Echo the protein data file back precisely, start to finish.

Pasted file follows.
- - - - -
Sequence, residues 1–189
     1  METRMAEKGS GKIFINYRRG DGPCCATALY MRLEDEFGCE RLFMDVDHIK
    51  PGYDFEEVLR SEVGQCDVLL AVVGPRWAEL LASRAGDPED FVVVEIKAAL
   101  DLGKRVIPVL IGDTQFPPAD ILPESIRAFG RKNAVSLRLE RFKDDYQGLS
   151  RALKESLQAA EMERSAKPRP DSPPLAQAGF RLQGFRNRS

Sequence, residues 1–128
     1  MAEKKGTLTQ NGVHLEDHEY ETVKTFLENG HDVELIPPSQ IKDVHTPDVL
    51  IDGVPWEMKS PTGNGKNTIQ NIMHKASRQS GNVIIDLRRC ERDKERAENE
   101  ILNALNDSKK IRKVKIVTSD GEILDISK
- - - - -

Sequence, residues 1–189
     1  METRMAEKGS GKIFINYRRG DGPCCATALY MRLEDEFGCE RLFMDVDHIK
    51  PGYDFEEVLR SEVGQCDVLL AVVGPRWAEL LASRAGDPED FVVVEIKAAL
   101  DLGKRVIPVL IGDTQFPPAD ILPESIRAFG RKNAVSLRLE RFKDDYQGLS
   151  RALKESLQAA EMERSAKPRP DSPPLAQAGF RLQGFRNRS

Sequence, residues 1–128
     1  MAEKKGTLTQ NGVHLEDHEY ETVKTFLENG HDVELIPPSQ IKDVHTPDVL
    51  IDGVPWEMKS PTGNGKNTIQ NIMHKASRQS GNVIIDLRRC ERDKERAENE
   101  ILNALNDSKK IRKVKIVTSD GEILDISK